On View> Rome’s MAXXI Museum Honors Alessandro Anselmi

International, On View
Friday, January 31, 2014
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Crews install drawings for the exhibition. (Courtesy MAXXI)

Crews install drawings for the exhibition. (Courtesy MAXXI)

Opening this week at Rome’s MAXXI is an exhibition honoring the late Alessandro Anselmi. Curated by his son and associate Valentino Anselmi and Valerio Palmieri, this important exhibition consists of 100 exquisite drawings, models, and watercolors from the 1960s through 2002. The show is organized thematically to lead the viewer through various aspects of Anselmi’s ouerve: the Architect’s Dream, the Geometry of Memory, the Figuration of the Modern, Fragments and Enclosures, Geometrized Nature.

Among the projects on view are his cemetery of Parabita in Puglia, the State Archive in Florence, the restructuring of Piazza dei Navigatori in Rome. The exhibition highlights an architect who was in many ways radical, but fully inserted into the dynamics of the contemporary debate, but always guided by a passion for history, and intensely sensitive to issues of place and context. One senses his profoundly Roman formation. His vision—intimate and almost oneiric—allowing us to speculate on its possible metaphysical influences.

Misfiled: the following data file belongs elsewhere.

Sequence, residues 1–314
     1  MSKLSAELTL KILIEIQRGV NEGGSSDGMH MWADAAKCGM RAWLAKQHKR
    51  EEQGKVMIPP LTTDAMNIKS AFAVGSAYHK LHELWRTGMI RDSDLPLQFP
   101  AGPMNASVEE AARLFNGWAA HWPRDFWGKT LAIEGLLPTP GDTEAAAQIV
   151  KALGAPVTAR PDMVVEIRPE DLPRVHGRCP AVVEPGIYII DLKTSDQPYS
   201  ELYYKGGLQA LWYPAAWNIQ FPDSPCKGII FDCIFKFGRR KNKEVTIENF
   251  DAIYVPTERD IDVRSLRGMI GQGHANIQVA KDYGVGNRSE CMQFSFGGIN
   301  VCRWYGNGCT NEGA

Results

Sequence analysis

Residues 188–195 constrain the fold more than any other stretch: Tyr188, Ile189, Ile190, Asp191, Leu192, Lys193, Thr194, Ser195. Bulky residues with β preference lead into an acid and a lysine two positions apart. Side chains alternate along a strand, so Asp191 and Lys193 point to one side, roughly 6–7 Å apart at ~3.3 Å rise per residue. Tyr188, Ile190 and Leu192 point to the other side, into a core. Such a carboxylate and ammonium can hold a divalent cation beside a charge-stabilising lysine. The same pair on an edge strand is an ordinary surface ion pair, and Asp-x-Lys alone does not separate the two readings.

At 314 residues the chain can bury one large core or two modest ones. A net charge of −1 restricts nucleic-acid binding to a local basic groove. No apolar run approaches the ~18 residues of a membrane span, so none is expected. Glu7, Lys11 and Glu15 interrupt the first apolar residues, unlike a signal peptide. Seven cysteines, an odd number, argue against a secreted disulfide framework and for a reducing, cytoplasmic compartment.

Small Town, Big Bus Stops: International Architects Convene on Austrian Village for BUS:STOP Project

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Sou Fujimoto’s bus stop design (Courtesy kulturkrumbach)

A slew of internationally-renowned architects have convened on the unlikeliest of sites. Krumbach, Austria, a town of less than 3,000 may soon be the location of bus stops designed by Sou Fujimoto and Pritzer Prize Winner Wang Shu among others. The BUS:STOP initiative is the brainchild of kulturkrumbach which managed to entice the heralded names to participate in a bus stop design project with the promise of a free vacation and little else.